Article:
Members of the generation that grew up with mobile devices are less likely to speak up if they’re in the car with a driver who is busy texting or talking on one, according to a federal survey released Monday.
The National Highway Traffic Safety Administration’s survey of 6,000 people found that almost 90 percent said they considered a driver who was sending or reading text messages very unsafe. But the number who said they would say something to the texting driver varied by age, with younger passengers less likely to be outspoken.
When it came to talking on a cellphone, about a third of adults under the age of 24 said they might speak out, while half of those 65 and older said they would.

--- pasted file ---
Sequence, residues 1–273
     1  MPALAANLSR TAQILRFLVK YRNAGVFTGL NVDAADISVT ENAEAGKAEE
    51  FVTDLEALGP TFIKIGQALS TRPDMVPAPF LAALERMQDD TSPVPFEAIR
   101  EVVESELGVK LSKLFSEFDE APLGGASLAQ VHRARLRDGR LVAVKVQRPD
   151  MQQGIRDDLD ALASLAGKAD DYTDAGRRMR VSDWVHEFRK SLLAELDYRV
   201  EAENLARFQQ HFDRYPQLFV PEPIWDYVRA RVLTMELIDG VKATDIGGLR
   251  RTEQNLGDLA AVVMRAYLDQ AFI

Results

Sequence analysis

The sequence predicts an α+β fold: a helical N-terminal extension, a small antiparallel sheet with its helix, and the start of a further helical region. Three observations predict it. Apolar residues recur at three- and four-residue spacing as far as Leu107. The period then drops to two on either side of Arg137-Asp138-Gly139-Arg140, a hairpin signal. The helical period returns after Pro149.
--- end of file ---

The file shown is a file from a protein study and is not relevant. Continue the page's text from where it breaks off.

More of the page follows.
NHTSA statistics indicate that drivers ages 18 to 20 years old have the highest level of phone involvement in crash or near-crash incidences. They are nearly three times as likely to report they were reading or sending a text or e-mail when such an incident occurred as compared to drivers age 25 and older. In addition, drivers younger than 25 are two to three times more likely to drive while sending or reading a text message or e-mail. Reports of texting while driving drop sharply as age increases, NHTSA said.